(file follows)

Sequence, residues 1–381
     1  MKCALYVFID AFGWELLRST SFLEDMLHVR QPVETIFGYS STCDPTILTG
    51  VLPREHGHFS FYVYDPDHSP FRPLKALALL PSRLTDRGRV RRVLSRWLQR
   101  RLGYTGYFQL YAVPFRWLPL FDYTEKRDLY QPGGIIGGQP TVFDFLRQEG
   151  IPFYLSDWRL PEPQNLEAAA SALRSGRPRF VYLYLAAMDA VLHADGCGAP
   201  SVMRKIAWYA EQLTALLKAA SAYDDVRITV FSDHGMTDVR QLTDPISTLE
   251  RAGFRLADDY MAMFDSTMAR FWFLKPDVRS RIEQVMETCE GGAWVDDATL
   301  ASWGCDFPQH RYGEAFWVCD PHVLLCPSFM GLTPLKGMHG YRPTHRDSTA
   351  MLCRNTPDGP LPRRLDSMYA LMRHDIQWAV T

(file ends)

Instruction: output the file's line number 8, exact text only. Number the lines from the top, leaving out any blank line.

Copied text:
   301  ASWGCDFPQH RYGEAFWVCD PHVLLCPSFM GLTPLKGMHG YRPTHRDSTA